by Judith Curry
At the Conference for World Affairs, in Boulder Colorado.
Today Kevin Trenberth and I participated in a panel entitled Climate Change: It’s About the Data. We each gave 15 minute presentations, then there was time for a few questions.
For some background on previous Curry versus Trenberth ‘matches’, see:
After our NPR interviews were aired, I received this in an email from Kevin:
We have got to stop “meeting” like this.
So it was interesting to have a face-to-face session.
Here are links to the ppt presentations:
Nothing new in my talk; I focused on the data, why scientists disagree, and emphasized that there was a lot of disagreement inside of the so-called 97%.
Trenberth’s slides don’t do justice to his presentation – it was forcefully delivered, evangelical even. About 40% of it was about politics.
A few things of interest that came out in the questions/discussion:
Trenberth was asked if he regarded me as a ‘denier’. He hemmed and hawed, and asked me if I regarded myself as a denier. I said I was a scientist, and regarded myself as included in the so-called 97%, whatever that means.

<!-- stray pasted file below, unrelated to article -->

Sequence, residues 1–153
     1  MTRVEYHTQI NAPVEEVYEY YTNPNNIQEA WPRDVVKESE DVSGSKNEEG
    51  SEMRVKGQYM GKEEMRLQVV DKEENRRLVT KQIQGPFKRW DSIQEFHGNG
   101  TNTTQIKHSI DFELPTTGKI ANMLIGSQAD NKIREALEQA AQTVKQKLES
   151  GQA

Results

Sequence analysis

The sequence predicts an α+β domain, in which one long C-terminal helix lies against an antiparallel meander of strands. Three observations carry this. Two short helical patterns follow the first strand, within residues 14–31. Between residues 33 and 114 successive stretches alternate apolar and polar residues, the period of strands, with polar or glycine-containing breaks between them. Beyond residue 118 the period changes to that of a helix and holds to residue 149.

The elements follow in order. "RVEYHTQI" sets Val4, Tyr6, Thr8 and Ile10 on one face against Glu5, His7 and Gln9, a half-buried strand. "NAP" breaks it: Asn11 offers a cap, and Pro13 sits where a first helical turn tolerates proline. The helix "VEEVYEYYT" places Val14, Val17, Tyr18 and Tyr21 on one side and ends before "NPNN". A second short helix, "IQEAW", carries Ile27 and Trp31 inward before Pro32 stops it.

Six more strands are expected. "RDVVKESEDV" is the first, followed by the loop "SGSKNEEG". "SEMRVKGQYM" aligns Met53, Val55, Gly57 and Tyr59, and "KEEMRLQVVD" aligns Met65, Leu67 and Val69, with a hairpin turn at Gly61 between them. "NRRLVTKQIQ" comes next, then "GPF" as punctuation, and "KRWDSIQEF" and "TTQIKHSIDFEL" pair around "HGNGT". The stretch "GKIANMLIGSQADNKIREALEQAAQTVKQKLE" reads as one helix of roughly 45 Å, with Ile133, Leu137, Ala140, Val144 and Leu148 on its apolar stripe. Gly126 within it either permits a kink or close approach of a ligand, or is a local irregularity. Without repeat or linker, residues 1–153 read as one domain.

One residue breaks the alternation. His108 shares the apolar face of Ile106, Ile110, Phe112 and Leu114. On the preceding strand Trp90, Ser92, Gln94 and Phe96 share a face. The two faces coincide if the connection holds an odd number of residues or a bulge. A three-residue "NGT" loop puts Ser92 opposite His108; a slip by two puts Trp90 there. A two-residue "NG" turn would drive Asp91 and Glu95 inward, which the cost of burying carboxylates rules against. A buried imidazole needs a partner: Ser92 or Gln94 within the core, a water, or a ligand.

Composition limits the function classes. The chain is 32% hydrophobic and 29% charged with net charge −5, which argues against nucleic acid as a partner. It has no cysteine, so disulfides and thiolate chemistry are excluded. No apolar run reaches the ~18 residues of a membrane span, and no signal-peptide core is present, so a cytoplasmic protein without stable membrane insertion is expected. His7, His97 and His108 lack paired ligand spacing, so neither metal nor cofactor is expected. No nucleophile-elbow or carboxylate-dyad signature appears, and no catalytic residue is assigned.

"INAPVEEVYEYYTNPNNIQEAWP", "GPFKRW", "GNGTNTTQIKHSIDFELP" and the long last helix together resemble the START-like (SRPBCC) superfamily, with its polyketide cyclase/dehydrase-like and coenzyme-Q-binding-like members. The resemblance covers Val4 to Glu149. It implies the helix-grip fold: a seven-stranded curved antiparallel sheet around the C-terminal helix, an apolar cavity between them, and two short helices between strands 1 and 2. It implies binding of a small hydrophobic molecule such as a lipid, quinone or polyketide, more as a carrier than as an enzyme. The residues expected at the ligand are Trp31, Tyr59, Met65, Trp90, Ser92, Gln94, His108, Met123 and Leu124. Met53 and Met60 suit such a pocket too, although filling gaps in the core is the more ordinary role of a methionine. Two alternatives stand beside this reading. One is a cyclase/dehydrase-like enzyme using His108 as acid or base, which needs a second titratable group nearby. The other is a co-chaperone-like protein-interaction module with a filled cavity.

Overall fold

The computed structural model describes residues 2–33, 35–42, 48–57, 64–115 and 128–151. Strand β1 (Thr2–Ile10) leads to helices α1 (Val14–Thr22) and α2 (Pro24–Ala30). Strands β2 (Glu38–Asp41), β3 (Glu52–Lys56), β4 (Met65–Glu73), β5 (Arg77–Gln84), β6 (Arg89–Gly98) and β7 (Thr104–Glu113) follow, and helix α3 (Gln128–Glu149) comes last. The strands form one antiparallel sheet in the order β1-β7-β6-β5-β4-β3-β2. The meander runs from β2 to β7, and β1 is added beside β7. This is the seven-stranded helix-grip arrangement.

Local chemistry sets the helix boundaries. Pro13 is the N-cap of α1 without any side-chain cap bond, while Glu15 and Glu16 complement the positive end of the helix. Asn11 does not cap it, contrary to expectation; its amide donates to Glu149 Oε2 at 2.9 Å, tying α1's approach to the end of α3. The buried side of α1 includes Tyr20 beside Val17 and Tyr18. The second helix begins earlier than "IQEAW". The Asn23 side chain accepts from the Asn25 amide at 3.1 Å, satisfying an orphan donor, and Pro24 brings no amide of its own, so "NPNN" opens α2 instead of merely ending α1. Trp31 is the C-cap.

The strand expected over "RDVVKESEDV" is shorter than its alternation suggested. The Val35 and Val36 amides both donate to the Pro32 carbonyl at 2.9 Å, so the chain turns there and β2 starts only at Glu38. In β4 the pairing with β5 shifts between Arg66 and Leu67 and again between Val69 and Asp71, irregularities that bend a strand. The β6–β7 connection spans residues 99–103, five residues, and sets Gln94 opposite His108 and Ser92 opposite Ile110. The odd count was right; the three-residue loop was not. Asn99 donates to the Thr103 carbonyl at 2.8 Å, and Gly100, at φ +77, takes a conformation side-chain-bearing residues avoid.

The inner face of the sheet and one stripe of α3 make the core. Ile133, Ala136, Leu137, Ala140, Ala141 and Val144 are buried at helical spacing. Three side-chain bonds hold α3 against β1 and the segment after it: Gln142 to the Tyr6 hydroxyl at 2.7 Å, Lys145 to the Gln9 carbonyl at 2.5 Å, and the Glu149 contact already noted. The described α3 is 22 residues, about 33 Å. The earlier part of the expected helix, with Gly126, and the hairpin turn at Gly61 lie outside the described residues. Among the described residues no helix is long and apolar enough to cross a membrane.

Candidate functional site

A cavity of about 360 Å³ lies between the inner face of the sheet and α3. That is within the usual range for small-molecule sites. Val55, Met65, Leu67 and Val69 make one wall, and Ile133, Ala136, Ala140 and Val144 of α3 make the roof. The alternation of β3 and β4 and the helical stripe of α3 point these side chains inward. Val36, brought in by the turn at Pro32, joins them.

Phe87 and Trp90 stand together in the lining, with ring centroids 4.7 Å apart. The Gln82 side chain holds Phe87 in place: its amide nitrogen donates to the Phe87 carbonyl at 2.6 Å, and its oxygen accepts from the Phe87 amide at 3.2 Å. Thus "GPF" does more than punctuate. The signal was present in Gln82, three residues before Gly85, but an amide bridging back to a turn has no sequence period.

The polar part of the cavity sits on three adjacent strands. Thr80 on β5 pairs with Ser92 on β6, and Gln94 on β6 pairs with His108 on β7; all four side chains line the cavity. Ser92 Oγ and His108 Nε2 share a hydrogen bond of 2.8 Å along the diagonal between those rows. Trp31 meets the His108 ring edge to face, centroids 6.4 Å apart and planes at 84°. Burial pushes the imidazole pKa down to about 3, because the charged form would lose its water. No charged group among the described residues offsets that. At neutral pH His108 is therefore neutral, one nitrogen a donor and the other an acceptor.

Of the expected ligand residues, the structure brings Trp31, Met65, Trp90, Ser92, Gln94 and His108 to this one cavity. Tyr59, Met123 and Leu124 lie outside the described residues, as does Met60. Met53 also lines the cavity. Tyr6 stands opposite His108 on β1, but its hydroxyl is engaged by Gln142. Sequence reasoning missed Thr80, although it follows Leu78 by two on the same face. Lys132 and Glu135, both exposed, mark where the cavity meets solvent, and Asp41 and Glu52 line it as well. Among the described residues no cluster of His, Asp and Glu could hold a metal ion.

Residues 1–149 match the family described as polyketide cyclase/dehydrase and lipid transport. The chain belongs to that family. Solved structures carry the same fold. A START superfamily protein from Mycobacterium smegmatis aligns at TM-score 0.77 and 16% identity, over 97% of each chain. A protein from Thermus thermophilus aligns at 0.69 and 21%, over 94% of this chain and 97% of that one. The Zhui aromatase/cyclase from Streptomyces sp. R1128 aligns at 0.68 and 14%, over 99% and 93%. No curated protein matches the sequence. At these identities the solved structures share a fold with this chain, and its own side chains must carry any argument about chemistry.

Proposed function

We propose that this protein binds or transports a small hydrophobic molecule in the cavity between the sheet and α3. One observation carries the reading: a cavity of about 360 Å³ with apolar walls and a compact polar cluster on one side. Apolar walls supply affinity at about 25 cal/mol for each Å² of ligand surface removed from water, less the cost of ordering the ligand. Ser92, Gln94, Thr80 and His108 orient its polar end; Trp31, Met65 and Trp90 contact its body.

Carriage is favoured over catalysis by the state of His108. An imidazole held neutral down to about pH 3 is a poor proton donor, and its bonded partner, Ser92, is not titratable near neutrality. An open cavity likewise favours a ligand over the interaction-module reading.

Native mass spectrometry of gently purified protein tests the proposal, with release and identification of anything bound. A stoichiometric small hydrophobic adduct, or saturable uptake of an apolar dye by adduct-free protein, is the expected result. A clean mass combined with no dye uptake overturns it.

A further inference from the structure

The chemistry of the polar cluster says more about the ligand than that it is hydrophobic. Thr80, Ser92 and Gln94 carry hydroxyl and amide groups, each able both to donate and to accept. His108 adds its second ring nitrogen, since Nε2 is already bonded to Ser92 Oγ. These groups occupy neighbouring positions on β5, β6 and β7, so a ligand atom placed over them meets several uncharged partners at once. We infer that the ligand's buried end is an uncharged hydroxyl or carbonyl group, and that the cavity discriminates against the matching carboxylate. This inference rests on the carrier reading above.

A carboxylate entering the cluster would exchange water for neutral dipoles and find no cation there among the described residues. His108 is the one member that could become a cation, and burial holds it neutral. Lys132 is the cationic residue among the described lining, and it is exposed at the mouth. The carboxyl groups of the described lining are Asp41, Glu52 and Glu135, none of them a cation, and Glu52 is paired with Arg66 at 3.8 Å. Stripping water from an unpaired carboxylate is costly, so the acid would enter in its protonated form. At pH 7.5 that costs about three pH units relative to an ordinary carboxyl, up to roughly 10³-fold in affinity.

I said that I disagreed with about 85% of Trenberth’s presentation. I don’t have the energy to debunk it here, see my recent Congressional testimony
- President’s Climate Change Action Plan
- Policy Relevant Climate Issues in Context
- Rational Discussion of Climate Change: the Science, the Evidence, the Response
I said I regarded presentations like Trenberth’s to be propaganda
When Trenberth answered a question citing a bunch of ‘facts’, I said that there are very few facts in all this; there are incomplete and ambiguous observations, theories and hypotheses, and models that don’t work very well. Trenberth responded “That’s rubbish.”
The majority of the audience (an older audience, unfortunately few students) were in Trenberth’s court – not unsurprising given that this is Boulder. But there were a substantial number of people that seemed pretty hungry to sort out the scientific issues. Hopefully I made them all think, at least a little bit.
All in all, an interesting session. But the session was too short; only 50 minutes. Next time (hah!) we each need 30-40 minutes for a presentation, and then we should be questioned by Russ Roberts of EconTalk.